Thursday, 13 January 2011

Krugman's prescription for saving Europe

Tom McDonnell: Following on from Citigroup analysis of the Euro debt crisis earlier this week, here is an excellent analysis by Paul Krugman.

Krugman runs through the four possible scenarios for Ireland. He predicts that Ireland will ultimately have to restructure its debts. The four scenarios are:

1) Toughing it out – the current plan. Very harsh fiscal austerity to achieve internal devaluation and restore competitiveness, with accompanying depression level hits to output and employment.
2) Debt restructuring. Krugman sees debt restructuring, in conjunction with toughing it out, as being the likely scenario for Ireland.
3) Full Argentina – the nearest European equivalent being Iceland. The default and devalue combination.
4) Revived Europeanism – going down the transfer union path. The E-bond proposal would be the first step in this direction.

Krugman sees the internal devaluation strategy as a recipe for years of depression. According to Krugman the European currency union project is doomed to failure unless it also becomes a full transfer union.


Slí Eile said...

@Tom This is an important contribution by Krugman to the situation in Europe. There needs to be a much wider discussion on the options including European level convergence in regard to how to deal with these issues. In the way Krugman has framed the questions it appears like a one option solution from an available four. In practice it may be a combination of all four including much closer fiscal scrutiny and oversight from the European centre along with debt-restructuring. The possibilty of a Euro breakup (at least into two currencies) is not ruled out either. Some measure of cooperation and coordinated fiscal stimulus at European level is needed I think including the option of a Euro-bonds and national sovereignty bonds to tap into the huge level of domestic savings as consumption has taken fright. It seems to me that the present strategy of bleeding the Irish taxpayer dry to pay off foreign banks will not work - and if the national authorities that dominate the European political agenda have sense they will revise the programme to allow for more time and more leeway. after all having a collection of long-term slums on the periphery just doesn't do anything for investor confidence and intra-EU export markets. In the meantime, the days of fiscal dumping are numbered.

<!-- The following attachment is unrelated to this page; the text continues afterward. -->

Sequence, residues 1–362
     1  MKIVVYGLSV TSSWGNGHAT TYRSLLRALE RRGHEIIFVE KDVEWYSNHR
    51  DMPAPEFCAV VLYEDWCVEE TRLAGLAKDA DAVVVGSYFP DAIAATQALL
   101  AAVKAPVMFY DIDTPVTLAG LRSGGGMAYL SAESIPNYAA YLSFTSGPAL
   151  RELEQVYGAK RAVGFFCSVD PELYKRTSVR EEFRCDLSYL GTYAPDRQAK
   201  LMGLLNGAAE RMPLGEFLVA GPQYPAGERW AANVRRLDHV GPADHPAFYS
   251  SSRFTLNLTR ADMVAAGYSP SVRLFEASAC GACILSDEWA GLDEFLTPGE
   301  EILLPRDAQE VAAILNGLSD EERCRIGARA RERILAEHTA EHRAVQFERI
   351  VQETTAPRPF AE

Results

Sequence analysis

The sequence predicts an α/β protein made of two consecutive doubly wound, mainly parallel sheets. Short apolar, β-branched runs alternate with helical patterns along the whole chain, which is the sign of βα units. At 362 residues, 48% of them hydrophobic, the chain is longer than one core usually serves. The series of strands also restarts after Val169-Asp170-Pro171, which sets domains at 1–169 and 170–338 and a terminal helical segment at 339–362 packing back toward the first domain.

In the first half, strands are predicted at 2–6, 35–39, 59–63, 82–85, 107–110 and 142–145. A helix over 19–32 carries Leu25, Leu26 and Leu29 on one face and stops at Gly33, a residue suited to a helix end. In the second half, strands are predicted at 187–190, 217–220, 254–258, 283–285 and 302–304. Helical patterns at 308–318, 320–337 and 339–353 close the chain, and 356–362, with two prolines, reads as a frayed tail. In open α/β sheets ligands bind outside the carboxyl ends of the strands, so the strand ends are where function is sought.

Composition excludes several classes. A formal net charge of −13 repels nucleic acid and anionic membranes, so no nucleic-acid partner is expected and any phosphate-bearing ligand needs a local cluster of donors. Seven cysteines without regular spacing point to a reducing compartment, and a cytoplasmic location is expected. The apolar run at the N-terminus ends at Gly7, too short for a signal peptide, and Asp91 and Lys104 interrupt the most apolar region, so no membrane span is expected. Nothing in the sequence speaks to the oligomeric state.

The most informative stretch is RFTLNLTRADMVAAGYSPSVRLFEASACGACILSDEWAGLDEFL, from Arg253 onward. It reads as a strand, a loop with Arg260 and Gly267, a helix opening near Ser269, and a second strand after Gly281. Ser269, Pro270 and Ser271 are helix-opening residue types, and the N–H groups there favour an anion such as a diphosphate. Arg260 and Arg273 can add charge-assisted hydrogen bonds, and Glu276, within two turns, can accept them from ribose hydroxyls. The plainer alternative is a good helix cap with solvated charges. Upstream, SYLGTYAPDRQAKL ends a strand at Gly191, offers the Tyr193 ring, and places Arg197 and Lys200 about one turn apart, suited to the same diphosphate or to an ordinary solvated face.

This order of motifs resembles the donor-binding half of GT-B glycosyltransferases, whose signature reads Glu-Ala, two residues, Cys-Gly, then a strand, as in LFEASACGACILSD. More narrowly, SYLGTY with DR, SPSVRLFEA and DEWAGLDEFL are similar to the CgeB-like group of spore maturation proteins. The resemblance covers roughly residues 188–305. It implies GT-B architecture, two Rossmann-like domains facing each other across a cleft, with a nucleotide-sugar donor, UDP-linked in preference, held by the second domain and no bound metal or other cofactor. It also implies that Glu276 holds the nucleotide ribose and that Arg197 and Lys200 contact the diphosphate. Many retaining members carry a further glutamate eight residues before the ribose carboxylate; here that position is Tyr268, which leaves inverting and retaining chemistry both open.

Brian McLoughlin said...

Krugman’s article is about the euro crisis and the possible consequences for Europe. Our situation in Ireland is a key aspect of his analysis.

Yes, we are following the ‘toughing it out’ option. We have a ‘recovery’ plan agreed with the EU/IMF, to bring about an ‘internal devaluation’ using savage and unjust measures, reduce the deficit to 3% of GDP and enable Ireland to return to the markets for funding. However, people increasingly realise that the plan will not work and that most likely we will at least default on debts incurred by the banking system. In the improbable event that the plan ‘succeeds’ we can expect to endure long term stagnation, persistently high unemployment and levels of indebtedness that will blight the lives of generations. Krugman thinks Ireland will probably have to default, Willem Buiter, TASC and others think so, and, based on current yields on Irish debt, the market gods think so. Topping all of this, it appears the plan’s backers, the EU and IMF, think so too. They are now projecting Irish growth rates that are significantly below those contained in the plan, making it non-viable.

Based on these conjectures the plan amounts to no more than an attempt by Ireland, the EU and IMF to ‘kick the can down the road’, as economists are fond of saying these days, apparently to buy time to plan further measures to deal with the crisis and to give major European banks an opportunity to strengthen their balance sheets. Shamefully, the EU will turn a profit at our expense while fully aware of the needless hardship innocent people will suffer. Our own government’s role is shameful too, for its incompetence as well as its moral bankruptcy.